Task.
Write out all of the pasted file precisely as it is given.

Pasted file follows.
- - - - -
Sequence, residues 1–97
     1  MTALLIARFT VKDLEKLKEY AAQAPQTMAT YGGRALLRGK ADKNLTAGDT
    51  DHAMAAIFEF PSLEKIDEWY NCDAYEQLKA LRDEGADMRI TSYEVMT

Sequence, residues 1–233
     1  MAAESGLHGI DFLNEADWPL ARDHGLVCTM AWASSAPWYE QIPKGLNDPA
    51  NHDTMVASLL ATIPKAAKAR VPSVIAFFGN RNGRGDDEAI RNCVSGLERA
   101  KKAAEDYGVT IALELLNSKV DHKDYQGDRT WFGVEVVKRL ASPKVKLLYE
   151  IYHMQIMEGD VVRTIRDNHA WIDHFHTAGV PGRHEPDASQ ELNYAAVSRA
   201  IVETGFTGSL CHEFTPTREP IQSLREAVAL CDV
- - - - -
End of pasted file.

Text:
Sequence, residues 1–97
     1  MTALLIARFT VKDLEKLKEY AAQAPQTMAT YGGRALLRGK ADKNLTAGDT
    51  DHAMAAIFEF PSLEKIDEWY NCDAYEQLKA LRDEGADMRI TSYEVMT

Sequence, residues 1–233
     1  MAAESGLHGI DFLNEADWPL ARDHGLVCTM AWASSAPWYE QIPKGLNDPA
    51  NHDTMVASLL ATIPKAAKAR VPSVIAFFGN RNGRGDDEAI RNCVSGLERA
   101  KKAAEDYGVT IALELLNSKV DHKDYQGDRT WFGVEVVKRL ASPKVKLLYE
   151  IYHMQIMEGD VVRTIRDNHA WIDHFHTAGV PGRHEPDASQ ELNYAAVSRA
   201  IVETGFTGSL CHEFTPTREP IQSLREAVAL CDV